Fundraising for DAOs is entering a growth phase. This should be no surprise, as making DAOs is easier than traditional companies and much more fun. Accelerating the trend of ‘always online’ finance, legal structuring can be done on KALI at a fraction of the time and cost of web2 solutions like Stripe Atlas.
Fundraising still has practical regulatory concerns regardless of technology. Who can purchase tokens and what stakes they have in a DAO will always raise legal questions and compliance headaches (to which we recommend retaining counsel).
An ‘all-bases-covered’ approach to DAO fundraising is necessary for greater web3 adoption. To thread these issues and empower our users, KALI legal engineers have automated compliance around transfer restrictions, purchaser whitelisting and treasury redemptions. Today, we are pleased to roll out this end-to-end solution for DAO fundraising that makes token sales easier and more legally secure.
With an improved deployment workflow integrating our V2 extension smart contracts, KALI users can now customize their own (a) governance token, (b) cap table, (c) legal structure, (c) purchaser list, and (d) token sale. Effectively, anyone can permissionlessly create and privately fund a limited liability venture in minutes. This is the power of web3 when combined with legal automation.
Their Place on the Legal Spectrum and Associated Traits
The following is a guest post by J. Mason Bump, a web3 attorney, LexDAO guild member, and KALI contributor.
KALI provides tooling through a Series LLC formation that hosts sub-LLCs and allows users to instantly create an LLC with its own liability protections and rights. This post clarifies the state of law and background around Series LLCs.
Limited liability is a tool for DAO entrepreneurs to restrict the risks of having their personal assets at stake just for joining and participating in a DAO. Legal entities also allow DAOs to own off-chain assets and enter into agreements to make real asset purchases, open bank accounts, and hire contractors.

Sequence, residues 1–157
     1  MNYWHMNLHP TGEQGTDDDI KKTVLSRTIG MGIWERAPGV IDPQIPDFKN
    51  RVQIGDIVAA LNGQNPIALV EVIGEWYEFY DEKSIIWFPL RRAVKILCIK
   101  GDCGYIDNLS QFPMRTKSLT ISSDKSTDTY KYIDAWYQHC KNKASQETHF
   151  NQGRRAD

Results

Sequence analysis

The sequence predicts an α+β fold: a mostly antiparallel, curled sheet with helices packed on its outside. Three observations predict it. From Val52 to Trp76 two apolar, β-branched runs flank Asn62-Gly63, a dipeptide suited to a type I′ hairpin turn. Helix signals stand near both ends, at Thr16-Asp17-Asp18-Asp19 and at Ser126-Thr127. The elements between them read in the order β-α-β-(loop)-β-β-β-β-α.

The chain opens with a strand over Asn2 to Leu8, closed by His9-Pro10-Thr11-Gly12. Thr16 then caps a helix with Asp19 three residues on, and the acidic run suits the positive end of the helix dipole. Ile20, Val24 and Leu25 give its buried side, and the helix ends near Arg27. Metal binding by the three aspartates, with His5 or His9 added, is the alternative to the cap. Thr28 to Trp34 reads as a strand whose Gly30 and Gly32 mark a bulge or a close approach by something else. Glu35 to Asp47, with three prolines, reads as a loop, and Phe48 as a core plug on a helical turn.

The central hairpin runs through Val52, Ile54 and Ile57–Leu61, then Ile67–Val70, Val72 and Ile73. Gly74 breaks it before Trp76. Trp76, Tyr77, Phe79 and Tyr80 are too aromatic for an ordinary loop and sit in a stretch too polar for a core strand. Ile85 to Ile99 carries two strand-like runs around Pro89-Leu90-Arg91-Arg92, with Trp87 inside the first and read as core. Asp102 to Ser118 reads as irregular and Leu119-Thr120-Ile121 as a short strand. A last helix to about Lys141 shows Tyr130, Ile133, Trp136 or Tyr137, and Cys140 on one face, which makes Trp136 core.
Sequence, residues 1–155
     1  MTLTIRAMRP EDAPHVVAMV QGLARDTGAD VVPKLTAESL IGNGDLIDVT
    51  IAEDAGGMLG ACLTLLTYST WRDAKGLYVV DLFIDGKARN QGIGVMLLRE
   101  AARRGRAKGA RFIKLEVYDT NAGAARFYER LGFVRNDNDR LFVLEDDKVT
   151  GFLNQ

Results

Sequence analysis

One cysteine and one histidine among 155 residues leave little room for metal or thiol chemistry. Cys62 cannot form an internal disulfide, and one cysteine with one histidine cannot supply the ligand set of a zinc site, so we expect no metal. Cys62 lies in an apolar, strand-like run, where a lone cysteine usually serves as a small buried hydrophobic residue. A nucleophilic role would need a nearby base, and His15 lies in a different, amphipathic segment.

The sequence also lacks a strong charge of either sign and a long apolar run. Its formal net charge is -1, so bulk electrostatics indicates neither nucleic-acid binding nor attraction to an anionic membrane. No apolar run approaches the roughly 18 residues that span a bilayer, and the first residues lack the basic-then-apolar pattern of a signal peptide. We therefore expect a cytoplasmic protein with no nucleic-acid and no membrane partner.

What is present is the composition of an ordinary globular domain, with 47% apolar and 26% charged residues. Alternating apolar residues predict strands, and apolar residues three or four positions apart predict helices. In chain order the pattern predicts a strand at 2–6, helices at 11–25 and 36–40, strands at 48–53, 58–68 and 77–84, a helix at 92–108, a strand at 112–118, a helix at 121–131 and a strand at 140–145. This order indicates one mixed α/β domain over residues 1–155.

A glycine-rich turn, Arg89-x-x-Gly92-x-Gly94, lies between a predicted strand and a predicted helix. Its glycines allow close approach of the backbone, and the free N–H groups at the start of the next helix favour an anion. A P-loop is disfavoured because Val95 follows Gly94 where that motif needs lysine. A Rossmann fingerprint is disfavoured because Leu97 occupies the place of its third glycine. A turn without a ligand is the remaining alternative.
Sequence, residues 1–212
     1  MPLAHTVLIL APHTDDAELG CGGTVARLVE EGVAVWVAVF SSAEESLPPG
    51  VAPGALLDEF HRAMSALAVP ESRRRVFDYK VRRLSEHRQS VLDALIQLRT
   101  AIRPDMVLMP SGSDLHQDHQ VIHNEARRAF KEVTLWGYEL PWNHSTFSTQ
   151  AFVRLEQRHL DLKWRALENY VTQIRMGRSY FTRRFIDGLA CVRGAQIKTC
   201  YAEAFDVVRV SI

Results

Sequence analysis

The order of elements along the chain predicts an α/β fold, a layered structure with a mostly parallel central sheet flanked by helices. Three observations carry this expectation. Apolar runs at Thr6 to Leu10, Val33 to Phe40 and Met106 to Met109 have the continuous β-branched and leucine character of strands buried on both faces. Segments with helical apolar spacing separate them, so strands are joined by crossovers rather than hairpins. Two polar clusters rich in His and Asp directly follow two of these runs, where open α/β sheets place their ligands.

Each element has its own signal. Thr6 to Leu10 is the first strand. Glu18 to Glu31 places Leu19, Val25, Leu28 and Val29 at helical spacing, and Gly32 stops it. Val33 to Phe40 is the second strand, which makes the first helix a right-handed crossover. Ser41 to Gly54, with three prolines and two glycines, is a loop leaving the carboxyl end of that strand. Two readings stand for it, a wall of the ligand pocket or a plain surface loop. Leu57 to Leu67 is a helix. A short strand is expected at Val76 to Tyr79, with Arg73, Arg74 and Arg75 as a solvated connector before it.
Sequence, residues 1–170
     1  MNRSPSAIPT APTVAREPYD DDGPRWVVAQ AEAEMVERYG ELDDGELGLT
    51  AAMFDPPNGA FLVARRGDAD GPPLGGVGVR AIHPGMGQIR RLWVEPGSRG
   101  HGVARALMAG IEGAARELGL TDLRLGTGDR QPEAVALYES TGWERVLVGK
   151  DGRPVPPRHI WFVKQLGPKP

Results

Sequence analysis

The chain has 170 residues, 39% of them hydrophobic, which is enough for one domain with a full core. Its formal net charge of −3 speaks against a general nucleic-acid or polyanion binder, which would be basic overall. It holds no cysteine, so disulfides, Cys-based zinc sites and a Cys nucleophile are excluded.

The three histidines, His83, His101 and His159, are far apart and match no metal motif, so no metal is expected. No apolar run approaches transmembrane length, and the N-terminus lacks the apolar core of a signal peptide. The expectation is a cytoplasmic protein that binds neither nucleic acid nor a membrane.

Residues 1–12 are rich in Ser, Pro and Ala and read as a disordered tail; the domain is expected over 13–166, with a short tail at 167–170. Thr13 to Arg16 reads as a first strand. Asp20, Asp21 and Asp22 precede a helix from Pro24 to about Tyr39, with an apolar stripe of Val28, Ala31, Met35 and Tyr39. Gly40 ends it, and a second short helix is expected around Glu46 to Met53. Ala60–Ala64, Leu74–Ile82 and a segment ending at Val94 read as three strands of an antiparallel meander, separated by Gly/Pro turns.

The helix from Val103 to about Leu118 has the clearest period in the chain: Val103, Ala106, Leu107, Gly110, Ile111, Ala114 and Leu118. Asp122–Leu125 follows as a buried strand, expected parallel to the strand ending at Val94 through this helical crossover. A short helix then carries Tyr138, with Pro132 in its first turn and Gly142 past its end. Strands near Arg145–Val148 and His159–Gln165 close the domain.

KALI has simplified the steps to form a DAO LLC (or KALI Co) and we have been encouraged to see our users take advantage of this option as they venture out into the brave new world of smart-contract-based investment and service companies.
To clarify for the web3 space how the KALI app helps automate and register LLCs and to share some of our knowledge for crowdsourcing purposes, we have summarized findings and templates in this post. It’s never been easier to create a club with tokenized shares, or build software and host a dApp with more legal protections.
Let’s dig in, shall we?
KALI has finished beta and is now live on Ethereum, Arbitrum and Rinkeby (testnet).
The application allows anyone in the world to deploy a DAO and design a legal structure that fits their needs in seconds. KALI works for founders building a product and investors collecting tokens, and is flexible to add different kinds of extensions, such as fundraising, redemptions and permissions. Get started here.
KALI for FOUNDERS
Whitelisting blockchain assets is no cardinal sin, and in many cases, a necessity in order to make investment offerings. While we remain optimistic on the progressive arc of securities regulation reform, these laws loom large on companies that want to raise funds and avoid compliance heartburn.
The Club is limited to 100 members to showcase early supporters, and the first 3 have been minted, to MetaCartel Ventures, The LAO, and an angel investor. 97 seats remain to get a commemorative NFT, and entry is free if you pass a verification check (all information will be kept confidential).
DAOs are coming of age and entering everyday life. Following the launch of MolochV2 for investors in January 2020 and Compound governance for protocols shortly after, the use of web3 org tech has grown dramatically, commanding billions of dollars in digital assets and employing thousands.
The next wave of DAO adoption will interface with CeFi and other traditional elements to complete this picture. Users will be able to run their entire financial lives online and coordinate with employers and investors on and off-chain, all while maintaining their autonomy as web3 citizens.
Some pain points persist to get there, but will be programmed around. For example, when operating at scale, many are faced with legal frictions: What kind of structure should I use? How will I make agreements? How can I set up a bank account? What happens when there are disputes?